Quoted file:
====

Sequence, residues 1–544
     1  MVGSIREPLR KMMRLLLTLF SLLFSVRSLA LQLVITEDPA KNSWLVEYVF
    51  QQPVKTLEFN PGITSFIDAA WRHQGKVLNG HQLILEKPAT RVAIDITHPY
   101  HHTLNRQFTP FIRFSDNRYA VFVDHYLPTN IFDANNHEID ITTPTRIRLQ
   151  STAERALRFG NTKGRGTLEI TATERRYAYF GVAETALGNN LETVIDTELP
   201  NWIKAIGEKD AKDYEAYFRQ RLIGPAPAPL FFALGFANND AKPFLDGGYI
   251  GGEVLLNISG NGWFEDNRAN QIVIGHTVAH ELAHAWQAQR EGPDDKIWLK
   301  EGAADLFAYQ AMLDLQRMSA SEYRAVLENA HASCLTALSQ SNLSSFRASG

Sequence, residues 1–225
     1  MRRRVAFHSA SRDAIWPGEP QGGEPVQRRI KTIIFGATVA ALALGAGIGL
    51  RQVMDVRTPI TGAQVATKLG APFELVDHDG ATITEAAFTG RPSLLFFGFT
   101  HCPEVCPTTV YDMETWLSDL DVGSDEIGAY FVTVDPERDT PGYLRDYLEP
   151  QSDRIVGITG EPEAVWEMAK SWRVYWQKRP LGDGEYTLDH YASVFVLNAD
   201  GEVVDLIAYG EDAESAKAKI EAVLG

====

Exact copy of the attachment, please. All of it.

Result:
Sequence, residues 1–544
     1  MVGSIREPLR KMMRLLLTLF SLLFSVRSLA LQLVITEDPA KNSWLVEYVF
    51  QQPVKTLEFN PGITSFIDAA WRHQGKVLNG HQLILEKPAT RVAIDITHPY
   101  HHTLNRQFTP FIRFSDNRYA VFVDHYLPTN IFDANNHEID ITTPTRIRLQ
   151  STAERALRFG NTKGRGTLEI TATERRYAYF GVAETALGNN LETVIDTELP
   201  NWIKAIGEKD AKDYEAYFRQ RLIGPAPAPL FFALGFANND AKPFLDGGYI
   251  GGEVLLNISG NGWFEDNRAN QIVIGHTVAH ELAHAWQAQR EGPDDKIWLK
   301  EGAADLFAYQ AMLDLQRMSA SEYRAVLENA HASCLTALSQ SNLSSFRASG

Sequence, residues 1–225
     1  MRRRVAFHSA SRDAIWPGEP QGGEPVQRRI KTIIFGATVA ALALGAGIGL
    51  RQVMDVRTPI TGAQVATKLG APFELVDHDG ATITEAAFTG RPSLLFFGFT
   101  HCPEVCPTTV YDMETWLSDL DVGSDEIGAY FVTVDPERDT PGYLRDYLEP
   151  QSDRIVGITG EPEAVWEMAK SWRVYWQKRP LGDGEYTLDH YASVFVLNAD
   201  GEVVDLIAYG EDAESAKAKI EAVLG